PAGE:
Sunday, March 11, 2012

The all-important Elevator Pitch

Or log line.

Or pitch line.

Or whatever the heck you want to call it.

Yesterday, for the first time in a very long time, someone asked me what my novel is about. I stalled. I stammered. And finally I blurted out..."it's about a girl who plays golf."

Really, Kris? After all this time? And that's the best you can come up with?

The NE-SCBWI conference is in 40 days. I really need to be able to describe my novel better than that. Yes, I have an agent. No, I'm not querying. But it's vital that I can describe my book better than that! Because, people WILL ask.

Back in 2010, I won an agent pitch contest with the following:

With the family golf course on the verge of bankruptcy, Kate Anderson decides she's going to be the first girl to win the Junior State Championship to draw the crowds back, but her plans are derailed when her best friend and crush is accused of vandalizing the course with a blowtorch.

Yeah, that rocks. But it's hard to say to someone out loud. It's great written pitch. It worked great in queries, but not so much in person. 

I'm thinking about: 

Kate Anderson has to win a local golf tournament to save her parents failing golf course. Along the way, there are blow torches, British boys, and kissing.

Of course, I've got nothing for the middle grade novel. Best start working on that one...

Do you have an elevator pitch?


Anonymous said...

These are SO difficult for me! I'm a writer -- I can write pitches until I'm blue in the face. Now, ask me face-to-blue-face? Yeah, I clam up.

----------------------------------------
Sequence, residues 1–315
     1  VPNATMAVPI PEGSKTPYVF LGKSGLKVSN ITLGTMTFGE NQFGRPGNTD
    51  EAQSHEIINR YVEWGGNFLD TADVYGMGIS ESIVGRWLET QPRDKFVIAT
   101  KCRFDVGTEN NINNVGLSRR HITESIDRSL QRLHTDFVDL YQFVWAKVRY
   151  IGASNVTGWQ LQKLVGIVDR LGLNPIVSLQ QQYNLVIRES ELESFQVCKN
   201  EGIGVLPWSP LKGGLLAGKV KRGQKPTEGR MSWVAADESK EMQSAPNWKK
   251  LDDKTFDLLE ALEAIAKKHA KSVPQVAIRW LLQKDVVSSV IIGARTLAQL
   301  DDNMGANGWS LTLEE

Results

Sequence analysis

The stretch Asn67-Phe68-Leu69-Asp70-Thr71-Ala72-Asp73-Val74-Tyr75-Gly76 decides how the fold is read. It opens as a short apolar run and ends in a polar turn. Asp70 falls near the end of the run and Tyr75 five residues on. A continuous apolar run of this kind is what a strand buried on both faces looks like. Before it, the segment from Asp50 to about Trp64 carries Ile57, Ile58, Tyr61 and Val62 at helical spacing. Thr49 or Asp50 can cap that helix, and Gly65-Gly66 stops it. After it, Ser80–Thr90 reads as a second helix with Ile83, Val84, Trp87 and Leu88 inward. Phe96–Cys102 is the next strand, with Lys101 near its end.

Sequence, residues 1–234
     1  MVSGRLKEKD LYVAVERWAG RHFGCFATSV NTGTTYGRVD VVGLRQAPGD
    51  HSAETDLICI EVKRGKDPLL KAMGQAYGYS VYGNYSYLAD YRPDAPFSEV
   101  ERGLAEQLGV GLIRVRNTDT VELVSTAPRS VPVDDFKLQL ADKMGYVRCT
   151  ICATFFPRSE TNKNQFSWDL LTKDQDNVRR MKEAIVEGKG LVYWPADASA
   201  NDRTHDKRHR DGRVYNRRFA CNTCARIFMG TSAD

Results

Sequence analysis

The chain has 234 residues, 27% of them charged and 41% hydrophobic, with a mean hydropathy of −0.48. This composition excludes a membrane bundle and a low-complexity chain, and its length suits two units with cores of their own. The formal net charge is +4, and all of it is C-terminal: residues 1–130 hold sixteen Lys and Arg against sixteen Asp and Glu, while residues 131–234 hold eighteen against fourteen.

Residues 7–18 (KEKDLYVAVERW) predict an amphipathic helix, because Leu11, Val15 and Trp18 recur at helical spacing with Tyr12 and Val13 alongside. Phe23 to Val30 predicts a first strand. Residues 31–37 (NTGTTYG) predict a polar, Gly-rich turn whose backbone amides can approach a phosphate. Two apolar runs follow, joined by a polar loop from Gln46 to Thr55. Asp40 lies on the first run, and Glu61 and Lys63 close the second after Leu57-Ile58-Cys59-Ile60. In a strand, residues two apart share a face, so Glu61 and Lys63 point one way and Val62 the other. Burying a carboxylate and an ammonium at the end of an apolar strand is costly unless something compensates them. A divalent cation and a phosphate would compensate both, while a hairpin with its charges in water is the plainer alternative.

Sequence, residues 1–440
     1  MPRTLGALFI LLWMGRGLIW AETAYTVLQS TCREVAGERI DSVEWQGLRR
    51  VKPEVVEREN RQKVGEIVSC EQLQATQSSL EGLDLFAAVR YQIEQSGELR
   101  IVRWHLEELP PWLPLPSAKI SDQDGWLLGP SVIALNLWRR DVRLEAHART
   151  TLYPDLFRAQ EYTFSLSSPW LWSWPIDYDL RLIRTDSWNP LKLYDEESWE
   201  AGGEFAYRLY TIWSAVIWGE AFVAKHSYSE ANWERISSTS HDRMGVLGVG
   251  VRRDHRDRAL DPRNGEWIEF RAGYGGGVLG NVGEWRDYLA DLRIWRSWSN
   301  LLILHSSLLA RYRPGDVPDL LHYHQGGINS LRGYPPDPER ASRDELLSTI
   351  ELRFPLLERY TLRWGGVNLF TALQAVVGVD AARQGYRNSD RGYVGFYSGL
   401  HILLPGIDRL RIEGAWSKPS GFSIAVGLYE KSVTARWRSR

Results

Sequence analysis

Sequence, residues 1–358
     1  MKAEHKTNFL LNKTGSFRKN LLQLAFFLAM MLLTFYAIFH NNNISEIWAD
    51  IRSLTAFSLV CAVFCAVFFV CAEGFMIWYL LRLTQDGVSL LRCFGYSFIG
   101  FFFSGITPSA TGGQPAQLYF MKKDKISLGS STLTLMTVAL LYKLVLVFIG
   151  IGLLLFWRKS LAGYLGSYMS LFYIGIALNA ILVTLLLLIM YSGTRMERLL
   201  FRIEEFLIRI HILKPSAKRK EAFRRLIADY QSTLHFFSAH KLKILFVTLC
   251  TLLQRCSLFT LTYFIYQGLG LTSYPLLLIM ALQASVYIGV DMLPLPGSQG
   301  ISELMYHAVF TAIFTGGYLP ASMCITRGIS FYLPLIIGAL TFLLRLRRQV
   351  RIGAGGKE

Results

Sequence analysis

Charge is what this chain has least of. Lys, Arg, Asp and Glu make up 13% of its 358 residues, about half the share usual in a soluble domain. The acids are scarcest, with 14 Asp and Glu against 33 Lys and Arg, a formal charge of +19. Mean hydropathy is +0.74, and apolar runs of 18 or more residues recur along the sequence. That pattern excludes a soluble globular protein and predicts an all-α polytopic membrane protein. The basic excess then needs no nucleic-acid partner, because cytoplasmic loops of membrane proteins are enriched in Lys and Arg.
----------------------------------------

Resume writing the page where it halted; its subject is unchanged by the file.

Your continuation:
Your pitches are great, and it reminds me that I really need to work on mine without sounding cheezy. Thanks for sharing!

Anita Saxena said...

What I've learned to do is be bold and say that written pitch, but say it casually so it doesn't SOUND like you are reciting something memorized. If that makes sense, LOL.

YA Yeah Yeah said...

No experience in pitch-writing, but as a blogger, that second pitch definitely has me interested in reading your book - it's certainly attention-grabbing. Great stuff!

Laura Pauling said...

That cracked me up! :)

That's something we all work on! And you're right, the 1 or 2 sentence logline doesn't always translate over to a verbal pitch.

Taryn said...

OMG I LOOOOOOVE pitching. And querying. I love everything about novel-summation. (Except synopses, because they'e boring.) And it's a good thing I do, because everyone's been asking me lately! "It's about a swimmer whose rival is drown on the last day of nationals, and since she's the top suspect, she has to figure it out before she's charged." It doesn't sound very pretty, but it's a very natural sentence to say in dialogue.